Modif
Temp (°C)
190.0
X
Y
Y
Y
Y
Experiment
Y
YX
Y
160.0
X
Y
X
X
X
Z
YX
V
V
Z
V
Z
Z
Z
V
V
Z
X
Z
V
V
X
X
Y
V
X
ZVX ZVYXZV ZV ZV ZV Z V Z VZ
150.0
V
V
X
Y
X
Y
Y
YX
V
X
Y
Y
X
180.0
170.0
X
Y
X
YX
Z
Z
Z
No Modif
140.0
0
1.0
2.0
3.0
4.0
5.0
6.0
7.0
Time (s)
Figure 8.7 - Water temperature at height 0.420 m and 0.150 m radial vessel position
WinGraf - 10-29-2003
220.0
210.0
XXX
YYY
ZZZ
VVV
200.0
L28C
L28C
L282DENM
L282DENH
TW.205.0420.330
TW.025.0420.330
tf102
tf102
Modif
Y
Temp (°C)
190.0
180.0
X
V
X V V
X X ZY Z
Y ZY
Experiment
Y
Y
YX
V
X
170.0
Y
X
160.0
Y
X
Y
ZVX ZVYXZV ZV YZXV Y
ZV YZXV Z VZ
YX
X
150.0
YZ
X
X
V Z
V
V
Z
Z
V YX
YX Z
VYX
YX
V
No Modif
X Z
V
Z
140.0
0
1.0
2.0
3.0
4.0
5.0
6.0
7.0
Time (s)
Figure 8.8 - Water temperature at height 0.420 m and 0.330 m radial vessel position
144
Assessment of Size Aspects in Modelling Molten Fuel Coolant Interaction
Chapter 8 - COMETA CODE MODIFICATIONS
WinGraf - 10-29-2003
220.0
210.0
XXX
YYY
ZZZ
VVV
200.0
L28C
L28C
L282DENM
L282DENH
TW.295.0690.150
TW.205.0690.150
tf066
tf066
Modif
X
Y
Temp (°C)
190.0
170.0
Y
Experiment X
Y
Y
X
Y
X
Y
160.0
X
YX
X
V
X
ZVX ZVY ZV ZV ZV ZV Z V Z Z
150.0
X
Y
V
Z
YX
V
V
Z
V
V
V
V
Z
V
YX
X
VY
X
YX
X
V
X
Y
Y
X
X
YX
180.0
Y
YX
Y
Y
Z
V
Z
Z
Z
Z
Z
No Modif
Z
140.0
0
1.0
2.0
3.0
4.0
5.0
6.0
7.0
Time (s)
Figure 8.9 - Water temperature at height 0.690 m and 0.150 m radial vessel position
WinGraf - 10-29-2003
220.0
210.0
XXX
YYY
ZZZ
VVV
200.0
L28C
L28C
L282DENM
L282DENH
Temp (°C)
190.0
TW.115.0690.330
TW.295.0690.330
tf106
tf106
X
Modif
180.0
170.0
Experiment
V
YX
X
Y Z
X
X Y
VZ
Y
X
V
ZVX ZVYXZV YXZV YZXV Y
ZV Z Z
160.0
150.0
YV
X
Z
X Y
X
Y Y VZV
V
Z
X X
X Y YZ
V
V
Z X YV ZV
Y
Z
Z
X YX
X ZY V
YV
X
Y
No Modif
140.0
0
1.0
2.0
3.0
4.0
5.0
6.0
7.0
Time (s)
Figure 8.10 - Water temperature at height 0.690 m and 0.330 m radial vessel position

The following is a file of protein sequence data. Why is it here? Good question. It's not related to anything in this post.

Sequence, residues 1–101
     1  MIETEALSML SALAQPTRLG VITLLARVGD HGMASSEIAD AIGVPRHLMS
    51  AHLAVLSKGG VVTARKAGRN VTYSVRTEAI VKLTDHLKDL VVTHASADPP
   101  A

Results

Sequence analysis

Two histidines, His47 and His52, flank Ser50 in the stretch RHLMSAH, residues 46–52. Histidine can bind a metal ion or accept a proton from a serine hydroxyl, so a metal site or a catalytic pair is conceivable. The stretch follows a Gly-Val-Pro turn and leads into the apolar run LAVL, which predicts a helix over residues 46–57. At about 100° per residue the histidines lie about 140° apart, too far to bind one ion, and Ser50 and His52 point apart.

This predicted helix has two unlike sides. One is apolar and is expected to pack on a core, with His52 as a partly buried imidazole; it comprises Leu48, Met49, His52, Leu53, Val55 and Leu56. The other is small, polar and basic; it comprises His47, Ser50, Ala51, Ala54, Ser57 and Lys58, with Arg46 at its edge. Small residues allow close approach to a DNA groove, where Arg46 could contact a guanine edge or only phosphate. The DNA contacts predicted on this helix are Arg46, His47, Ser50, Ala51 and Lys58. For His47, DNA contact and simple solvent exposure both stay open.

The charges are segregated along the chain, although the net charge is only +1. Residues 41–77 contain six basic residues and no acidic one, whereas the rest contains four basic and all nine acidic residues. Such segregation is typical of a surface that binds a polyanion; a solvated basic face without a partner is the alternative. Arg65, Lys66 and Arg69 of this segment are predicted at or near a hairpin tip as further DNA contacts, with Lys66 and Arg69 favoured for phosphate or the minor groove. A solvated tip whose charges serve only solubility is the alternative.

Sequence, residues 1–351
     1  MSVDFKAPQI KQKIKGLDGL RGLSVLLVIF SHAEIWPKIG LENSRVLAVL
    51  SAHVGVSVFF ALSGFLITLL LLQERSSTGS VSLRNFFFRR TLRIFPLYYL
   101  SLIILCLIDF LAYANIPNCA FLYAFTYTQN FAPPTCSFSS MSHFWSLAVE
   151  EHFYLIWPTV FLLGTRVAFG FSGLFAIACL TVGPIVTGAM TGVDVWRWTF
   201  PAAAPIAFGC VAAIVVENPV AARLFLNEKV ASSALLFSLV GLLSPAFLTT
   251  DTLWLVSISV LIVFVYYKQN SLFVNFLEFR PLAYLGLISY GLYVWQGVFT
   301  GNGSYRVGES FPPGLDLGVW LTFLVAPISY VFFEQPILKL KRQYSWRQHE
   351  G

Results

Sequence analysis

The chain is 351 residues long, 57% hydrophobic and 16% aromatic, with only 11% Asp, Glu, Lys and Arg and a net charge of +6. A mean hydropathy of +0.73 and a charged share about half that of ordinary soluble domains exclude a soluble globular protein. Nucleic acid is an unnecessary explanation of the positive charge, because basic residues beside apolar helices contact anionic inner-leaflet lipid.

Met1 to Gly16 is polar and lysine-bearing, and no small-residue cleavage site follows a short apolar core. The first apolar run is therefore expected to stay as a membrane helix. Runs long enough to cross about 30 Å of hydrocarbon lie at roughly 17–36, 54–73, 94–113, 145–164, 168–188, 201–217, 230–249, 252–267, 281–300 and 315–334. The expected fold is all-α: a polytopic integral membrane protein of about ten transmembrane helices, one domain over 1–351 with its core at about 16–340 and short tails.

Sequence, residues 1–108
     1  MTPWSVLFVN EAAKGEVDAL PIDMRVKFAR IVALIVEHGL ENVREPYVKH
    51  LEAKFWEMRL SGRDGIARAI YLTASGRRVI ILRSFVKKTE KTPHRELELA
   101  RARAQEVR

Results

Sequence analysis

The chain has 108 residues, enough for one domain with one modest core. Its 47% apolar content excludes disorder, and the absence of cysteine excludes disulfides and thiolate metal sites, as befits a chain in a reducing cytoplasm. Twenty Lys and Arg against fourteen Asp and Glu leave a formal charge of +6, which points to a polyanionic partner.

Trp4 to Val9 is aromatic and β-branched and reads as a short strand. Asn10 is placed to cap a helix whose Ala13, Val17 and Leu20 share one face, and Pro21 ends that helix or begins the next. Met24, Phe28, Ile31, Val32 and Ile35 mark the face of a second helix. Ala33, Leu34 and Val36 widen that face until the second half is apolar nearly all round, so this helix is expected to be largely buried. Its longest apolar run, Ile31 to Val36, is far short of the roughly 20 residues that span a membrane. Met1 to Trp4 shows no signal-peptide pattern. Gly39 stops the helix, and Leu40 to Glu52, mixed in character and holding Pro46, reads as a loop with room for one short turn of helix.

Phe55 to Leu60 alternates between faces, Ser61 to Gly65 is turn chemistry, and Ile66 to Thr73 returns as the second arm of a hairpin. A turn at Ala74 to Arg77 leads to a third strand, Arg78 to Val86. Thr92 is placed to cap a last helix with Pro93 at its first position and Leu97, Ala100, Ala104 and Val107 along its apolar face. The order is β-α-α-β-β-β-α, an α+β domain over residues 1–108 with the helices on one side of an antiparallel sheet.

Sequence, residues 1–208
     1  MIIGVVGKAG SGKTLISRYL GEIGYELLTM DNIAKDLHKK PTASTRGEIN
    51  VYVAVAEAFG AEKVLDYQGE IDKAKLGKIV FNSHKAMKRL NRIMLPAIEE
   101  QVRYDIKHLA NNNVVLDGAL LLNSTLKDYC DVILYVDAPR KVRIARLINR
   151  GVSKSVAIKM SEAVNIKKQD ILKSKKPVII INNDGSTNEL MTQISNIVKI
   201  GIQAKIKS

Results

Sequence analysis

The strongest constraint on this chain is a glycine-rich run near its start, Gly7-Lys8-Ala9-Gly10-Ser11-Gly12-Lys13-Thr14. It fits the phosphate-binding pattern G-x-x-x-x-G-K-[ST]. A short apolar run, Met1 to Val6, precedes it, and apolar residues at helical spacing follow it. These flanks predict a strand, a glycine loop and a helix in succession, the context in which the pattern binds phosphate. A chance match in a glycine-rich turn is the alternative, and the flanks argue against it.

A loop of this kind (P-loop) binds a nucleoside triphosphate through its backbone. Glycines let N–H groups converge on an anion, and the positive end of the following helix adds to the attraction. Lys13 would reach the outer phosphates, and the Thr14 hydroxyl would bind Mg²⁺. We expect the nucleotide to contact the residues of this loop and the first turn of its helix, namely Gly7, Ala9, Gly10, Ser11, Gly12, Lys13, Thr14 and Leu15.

145
Assessment of Size Aspects in Modelling Molten Fuel Coolant Interaction
Chapter 8 - COMETA CODE MODIFICATIONS
WinGraf - 10-29-2003
210.0
XXX
YYY
ZZZ
VVV
JJJ
200.0
L28C
L28C
L28C
L282DENM
L282DENH
TW.295.0960.150
TW.205.0960.150
TW.025.0960.150
tf070
tf110
Modif
Y Z X ZJ
J Z J Y YX
X J
ZY
X
Temp (°C)
190.0
Y
ZX
X
YX X Y Z J
Experiment
Y
Z
J
V
J
J
Y
V
JX
Z JZ
Z
ZYX YX Z J X X Z
V
V
Y Y
Y
Y
X
V
No Modif
Z
V
X
Z
YX
J
V V
V
J VJ V
VX
J VJ VJ V
180.0
170.0
160.0
150.0
J
ZY ZY
X X
J
Z Z
YX YX
V
V
V
V
140.0
0
1.0
2.0
3.0
4.0
5.0
6.0
7.0
Time (s)
Figure 8.11 - Water temperature at height 0.960 m and 0.150 m radial vessel position
WinGraf - 10-29-2003
210.0
XXX
YYY
ZZZ
VVV
200.0
L28C
L28C
L282DENM
L282DENH
V
TW.205.0960.330
TW.025.0960.330
tf110
tf110
Experiment
190.0
Temp (°C)
V
170.0
VX
Y
X
Y Z
V YX Z
Z
YX
160.0
YV
X
YX
YX
Z
Modif
180.0
Z
VYX
V
V
VX
Y YX ZY
Z
X
YX
Z
V
V
Y ZYX
X
Y YX V
XV
Z
Z
Z
No Modif
V Z
X
Z
ZVX ZVYXZV YXZV YZXV Y
150.0
140.0
0
1.0
2.0
3.0
4.0
5.0
6.0
7.0
Time (s)
Figure 8.12 - Water temperature at height 0.960 m and 0.330 m radial vessel position
146
Assessment of Size Aspects in Modelling Molten Fuel Coolant Interaction
Chapter 8 - COMETA CODE MODIFICATIONS
WinGraf - 10-29-2003
220.0
210.0
V
J
J
X
Z
ZYX ZYX YX ZY
ZYX
200.0
ZY
VJX
Z
VYX
J
ZX
X Y YJ
X
X ZY Z J V
J
Y
X Z J
X
V V
Z ZY ZYJ
ZY
J
X JX
V
ZY
Y
V
XXX L28C
J
V V
X
YYY L28C
V
ZZZ L28C
V
VVV L282DENM
No Modif
JJJ L282DENH
Modif
190.0
Temp (°C)
J
V
Experiment
180.0
170.0
X
Y
J
Z
VJ V
ZYX
Y
Z
YX X
J
V
VX
J VJ VJ
160.0
150.0
TW.115.1230.150
TW.205.1230.150
TW.025.1230.150
tf074
tf074
140.0
0
1.0
2.0
3.0
4.0
5.0
6.0
7.0
Time (s)
Figure 8.13 - Water temperature at height 1.230 m and 0.150 m radial vessel position
WinGraf - 10-29-2003
220.0
XXX
YYY
ZZZ
VVV
210.0
200.0
L28C
L28C
L282DENM
L282DENH
TW.115.1230.330
TW.295.1230.330
tf114
tf114
Z
Z
Temp (°C)
190.0
Modif
180.0
V
170.0
V ZX
Z Y
160.0
YXV
YX
V Z
V
Y
Z
X
Z
YX V
ZV
Z V V Z V YX
X
Y
ZX
YX Y
V
YX
V
Y
X
YX
V
YX
YX
Experiment
Y
VYX VX
Z
Y
Z
ZX Z
No Modif
ZV
ZVX ZVYXZV YX YX
150.0
140.0
0
1.0
2.0
3.0
4.0
5.0
6.0
7.0
Time (s)
Figure 8.14 - Water temperature at height 1.230 m and 0.330 m radial vessel position
147